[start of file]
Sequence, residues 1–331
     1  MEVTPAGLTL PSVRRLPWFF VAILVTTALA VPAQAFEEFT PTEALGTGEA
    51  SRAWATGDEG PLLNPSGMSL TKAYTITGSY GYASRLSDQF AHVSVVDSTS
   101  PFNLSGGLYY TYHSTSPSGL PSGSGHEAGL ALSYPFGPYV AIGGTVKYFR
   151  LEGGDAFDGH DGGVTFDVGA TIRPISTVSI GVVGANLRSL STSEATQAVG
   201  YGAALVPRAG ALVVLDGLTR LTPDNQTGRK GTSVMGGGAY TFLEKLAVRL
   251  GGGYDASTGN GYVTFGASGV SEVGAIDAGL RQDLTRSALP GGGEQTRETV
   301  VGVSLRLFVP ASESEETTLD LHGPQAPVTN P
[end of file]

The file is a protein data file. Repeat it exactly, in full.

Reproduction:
Sequence, residues 1–331
     1  MEVTPAGLTL PSVRRLPWFF VAILVTTALA VPAQAFEEFT PTEALGTGEA
    51  SRAWATGDEG PLLNPSGMSL TKAYTITGSY GYASRLSDQF AHVSVVDSTS
   101  PFNLSGGLYY TYHSTSPSGL PSGSGHEAGL ALSYPFGPYV AIGGTVKYFR
   151  LEGGDAFDGH DGGVTFDVGA TIRPISTVSI GVVGANLRSL STSEATQAVG
   201  YGAALVPRAG ALVVLDGLTR LTPDNQTGRK GTSVMGGGAY TFLEKLAVRL
   251  GGGYDASTGN GYVTFGASGV SEVGAIDAGL RQDLTRSALP GGGEQTRETV
   301  VGVSLRLFVP ASESEETTLD LHGPQAPVTN P